Yeah, yeah, yeah.


And I can attest works and, you know, on on the show the way the way our podcast works every other episode. So Zach will recommend a movie and then the next episode I'll recommend a movie. And a lot of times, you know, they have the it's all about the nostalgia that sort of attached to it. And for me, watching Class of 1984, I think I've seen pieces of it when I was a kid, but it was Zach's pick and then watching it in as my as an adult.


Now, you know, in 2000, in 1980, when we recorded it, I can tell you the movie holds up fantastically like I, you know, nostalgic, you know, value for me. But I'm watching it fresh and new in twenty nineteen, and I am surprised at how well it holds up. And I think you're like the the acting is absolutely amazing. The energy of that film is fantastic. And sadly, you know, and not in a good way.


It was pretty prophetic about where things were going, you know, so it felt almost contemporary in 2019.


You know, it had never. You never know, I mean, I I remember one of my mentors was was a man named Henry Farrell and Henry wrote a few a few books that turned into movies, one of which was all about, you know, God. I'll think of it in a minute, but anyway, Henry said, what happens is you just keep working and then about 10, 15 years later, somebody tapped on the shoulder and says, hey, that was really good, you know?


And you're like, huh? What what? You know? And it was, you know, I mean, I sort of I sort of feel like that still sitting there trying to remember the great movie that Henry wrote. Maybe Jane, whatever happened to Baby?


Yeah. Classic. There you go. Yeah. Yeah.


And so then he wrote. How awful about Alan and Alice and all the rest of them. Yeah. Yeah. The but he didn't have a clue that whatever happened to Baby Jane was going to be this huge breakout film so that you know. So I think that's pretty good advice. You don't know if you told me back in 1984. When I was shooting. Fright Night, that it was going to turn into a classic, I don't know if that overstates it or not, we could say cult classic, I suppose, but.


I don't think I would have I don't think I would have taken you seriously, I mean, when I was doing these films. You know, they were disposable, you know, they came out, people saw them, and that was it, and maybe they had a little life on TV, but that was it. It was all disposable. And it never occurred to me that that that 30, 40 years later I'd be having a conversation like this.


And thank you very, very much, fellas.


Yeah, I can tell you I can tell you that it is a classic and not a cult classic in my in my opinion, as a movie that I would watch nightly, a movie I would fall asleep to for whatever reason, you know, you hit all the bases.


Well, right now, it's really, really extraordinary in the sense that where it came from in me was was was was was like a different place.


I was I was riding cloak and dagger and I was writing it for Richard Franklin, who directed a who also directed Psycho to which, by the way, I think is a really terrific film. But anyway, it was a remake of Cornell, which is short story, the window, which is really the juvenile version of Rear Window, which cornhole, which also road and the window, the juvenile version is really a boy who cried wolf story. And it just wasn't enough story, you know, back even in 1985 or whatever it was to make a movie out of.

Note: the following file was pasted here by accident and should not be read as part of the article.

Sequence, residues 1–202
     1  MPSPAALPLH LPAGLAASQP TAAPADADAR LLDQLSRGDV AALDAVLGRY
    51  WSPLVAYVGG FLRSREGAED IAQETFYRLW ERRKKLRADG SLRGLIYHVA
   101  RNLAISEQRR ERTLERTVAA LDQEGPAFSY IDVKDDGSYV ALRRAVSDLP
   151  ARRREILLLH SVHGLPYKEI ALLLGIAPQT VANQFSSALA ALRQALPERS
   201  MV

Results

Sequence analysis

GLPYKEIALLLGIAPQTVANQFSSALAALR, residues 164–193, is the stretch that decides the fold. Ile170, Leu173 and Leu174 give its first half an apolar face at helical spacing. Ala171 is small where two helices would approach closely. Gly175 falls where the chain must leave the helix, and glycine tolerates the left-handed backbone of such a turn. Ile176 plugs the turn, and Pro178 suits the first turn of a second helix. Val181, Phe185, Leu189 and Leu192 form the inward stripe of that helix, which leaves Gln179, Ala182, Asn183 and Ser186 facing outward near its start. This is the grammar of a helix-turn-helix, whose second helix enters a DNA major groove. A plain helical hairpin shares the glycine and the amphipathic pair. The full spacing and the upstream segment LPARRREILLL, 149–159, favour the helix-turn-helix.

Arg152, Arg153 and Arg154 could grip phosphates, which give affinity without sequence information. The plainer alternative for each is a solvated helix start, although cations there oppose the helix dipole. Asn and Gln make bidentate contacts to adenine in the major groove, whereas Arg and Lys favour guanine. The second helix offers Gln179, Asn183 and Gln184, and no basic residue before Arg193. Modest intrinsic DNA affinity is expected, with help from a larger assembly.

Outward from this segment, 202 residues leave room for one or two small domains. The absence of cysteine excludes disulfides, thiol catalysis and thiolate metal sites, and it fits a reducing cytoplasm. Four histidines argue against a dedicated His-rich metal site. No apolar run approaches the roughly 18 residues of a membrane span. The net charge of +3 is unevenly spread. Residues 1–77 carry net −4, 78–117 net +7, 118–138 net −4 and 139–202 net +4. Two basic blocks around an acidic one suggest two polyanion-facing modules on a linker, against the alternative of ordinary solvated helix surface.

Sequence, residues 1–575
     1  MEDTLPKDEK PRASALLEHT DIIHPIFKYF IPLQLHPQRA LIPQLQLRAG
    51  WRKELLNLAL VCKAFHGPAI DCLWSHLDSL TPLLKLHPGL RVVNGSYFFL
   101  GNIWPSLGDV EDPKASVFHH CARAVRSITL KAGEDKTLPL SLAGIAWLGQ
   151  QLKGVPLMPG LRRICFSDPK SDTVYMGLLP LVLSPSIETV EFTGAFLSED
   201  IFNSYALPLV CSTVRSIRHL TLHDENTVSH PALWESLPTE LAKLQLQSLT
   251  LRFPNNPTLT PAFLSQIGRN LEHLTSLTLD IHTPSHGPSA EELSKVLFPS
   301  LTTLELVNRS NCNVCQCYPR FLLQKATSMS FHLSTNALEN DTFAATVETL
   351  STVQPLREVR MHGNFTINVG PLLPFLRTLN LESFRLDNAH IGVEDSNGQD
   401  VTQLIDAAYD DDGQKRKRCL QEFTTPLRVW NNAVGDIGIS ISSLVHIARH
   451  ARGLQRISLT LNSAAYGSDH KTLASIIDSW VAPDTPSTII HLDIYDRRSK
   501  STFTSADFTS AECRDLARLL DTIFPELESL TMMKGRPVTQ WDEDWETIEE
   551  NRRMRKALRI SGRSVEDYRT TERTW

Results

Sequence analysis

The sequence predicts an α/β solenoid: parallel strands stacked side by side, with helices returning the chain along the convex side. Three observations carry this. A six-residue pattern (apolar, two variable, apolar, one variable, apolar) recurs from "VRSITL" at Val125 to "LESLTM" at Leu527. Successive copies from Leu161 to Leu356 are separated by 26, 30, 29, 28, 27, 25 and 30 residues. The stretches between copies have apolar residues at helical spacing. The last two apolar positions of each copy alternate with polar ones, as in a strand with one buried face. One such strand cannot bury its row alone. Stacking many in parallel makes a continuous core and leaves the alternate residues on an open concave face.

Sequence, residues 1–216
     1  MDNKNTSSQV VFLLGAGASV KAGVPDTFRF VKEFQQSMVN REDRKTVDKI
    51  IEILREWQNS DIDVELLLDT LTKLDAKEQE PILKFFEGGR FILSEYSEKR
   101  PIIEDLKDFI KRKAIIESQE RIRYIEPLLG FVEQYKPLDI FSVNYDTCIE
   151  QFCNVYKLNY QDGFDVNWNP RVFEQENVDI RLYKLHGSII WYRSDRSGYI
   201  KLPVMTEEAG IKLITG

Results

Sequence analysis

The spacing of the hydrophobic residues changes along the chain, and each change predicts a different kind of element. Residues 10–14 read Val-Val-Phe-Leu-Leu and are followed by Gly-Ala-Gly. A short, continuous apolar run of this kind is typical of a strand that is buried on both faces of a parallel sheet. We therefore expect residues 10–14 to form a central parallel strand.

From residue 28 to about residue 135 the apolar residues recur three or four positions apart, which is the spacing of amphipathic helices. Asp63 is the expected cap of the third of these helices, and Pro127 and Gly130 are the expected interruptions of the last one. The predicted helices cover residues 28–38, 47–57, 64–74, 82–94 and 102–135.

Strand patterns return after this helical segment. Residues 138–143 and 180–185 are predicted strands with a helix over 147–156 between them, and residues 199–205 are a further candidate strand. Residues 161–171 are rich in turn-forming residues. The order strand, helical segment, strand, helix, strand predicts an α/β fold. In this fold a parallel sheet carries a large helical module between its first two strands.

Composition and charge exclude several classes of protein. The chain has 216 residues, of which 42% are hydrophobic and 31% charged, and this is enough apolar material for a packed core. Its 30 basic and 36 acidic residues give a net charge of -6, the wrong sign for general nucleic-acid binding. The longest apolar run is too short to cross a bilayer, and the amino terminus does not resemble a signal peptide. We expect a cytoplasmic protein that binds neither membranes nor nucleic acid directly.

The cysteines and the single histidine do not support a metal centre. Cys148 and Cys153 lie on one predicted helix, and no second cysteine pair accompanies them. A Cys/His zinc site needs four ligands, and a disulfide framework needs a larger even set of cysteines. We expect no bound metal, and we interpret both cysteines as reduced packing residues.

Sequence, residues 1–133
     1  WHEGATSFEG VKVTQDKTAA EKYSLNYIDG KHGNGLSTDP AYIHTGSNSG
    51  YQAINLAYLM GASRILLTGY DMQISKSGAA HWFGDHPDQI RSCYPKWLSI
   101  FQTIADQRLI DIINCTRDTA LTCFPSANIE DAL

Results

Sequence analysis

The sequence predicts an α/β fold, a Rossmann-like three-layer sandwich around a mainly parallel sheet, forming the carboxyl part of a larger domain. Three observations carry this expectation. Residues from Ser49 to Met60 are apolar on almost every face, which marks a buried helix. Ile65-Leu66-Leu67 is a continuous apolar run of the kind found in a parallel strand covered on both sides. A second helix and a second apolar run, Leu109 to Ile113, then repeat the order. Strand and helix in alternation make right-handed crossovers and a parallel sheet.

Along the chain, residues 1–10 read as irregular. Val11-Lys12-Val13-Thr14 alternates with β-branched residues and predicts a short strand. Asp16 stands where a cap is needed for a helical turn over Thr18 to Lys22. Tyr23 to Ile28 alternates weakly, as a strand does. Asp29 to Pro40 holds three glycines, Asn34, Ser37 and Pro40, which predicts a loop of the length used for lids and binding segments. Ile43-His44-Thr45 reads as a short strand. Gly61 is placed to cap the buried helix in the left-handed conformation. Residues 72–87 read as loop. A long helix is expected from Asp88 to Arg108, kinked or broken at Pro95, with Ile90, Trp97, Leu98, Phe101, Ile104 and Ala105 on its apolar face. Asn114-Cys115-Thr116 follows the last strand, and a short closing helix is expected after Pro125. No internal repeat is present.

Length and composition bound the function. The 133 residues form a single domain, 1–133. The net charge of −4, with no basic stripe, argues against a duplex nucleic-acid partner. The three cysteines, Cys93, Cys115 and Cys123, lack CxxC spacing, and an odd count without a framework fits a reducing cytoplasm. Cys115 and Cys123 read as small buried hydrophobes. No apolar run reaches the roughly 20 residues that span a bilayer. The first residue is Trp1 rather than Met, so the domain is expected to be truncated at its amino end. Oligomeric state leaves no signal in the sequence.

And I said to Richard and to Universal, if you really wanted to a story about a kid saying something going on in the house next door, the kid should be a gonzo horror fan. And if you become convinced the next door neighbor is a vampire and they threw me out of the office, what? Well, they thought was the silliest idea they'd ever heard. And Richard had written Richard Franklin's reaction was the same. So I wrote Cloak and Dagger and I created Jack Sledge, the imaginary friend.


You know, is this as a way to try to give it an emotional impact and make it more interesting than just the boy next door? Yeah, you know, and but the boy. But that idea of the Gonzo horror fan who is me, you know, back in the day becoming convinced that his next door neighbor was a vampire would not lead. I could not get it out of my head. Yeah. And so when I was through with all this cloak and dagger and I forget what else.


Oh, screaming, Help me for help. Yeah, I sat down and I suspect. Friday night and Friday night was written in my love letter to horror fans, it was my generation, I guess, specifically because that's why I thought of Peter Vincent, the Roddy McDowall character, because I grew up with was host on the Friday night fights. The only way the only place you could see a science fiction movie or horror movie back when I was a kid was on Friday nights on the independent, independent local TV channel.


And they always had hosts and the hosts were like staggeringly or Elvira or, you know, one was just worse than the other.


You know, there was you know, they'd come out of a coffin like I have that, you know, Peter Vincent doing. But the coffin would fall over.


You know, the ground fog was was was patchy and, you know, and and the the gate to the cemetery would would would would list badly anyway.


That and the minute I thought of Peter Vincent, I could not wait to get to the to the to the word processor to write Friday night. And it was I laughed and I chuckled and I felt great affection as I was writing it. And it came through because I think because I directed it. So that's for sure.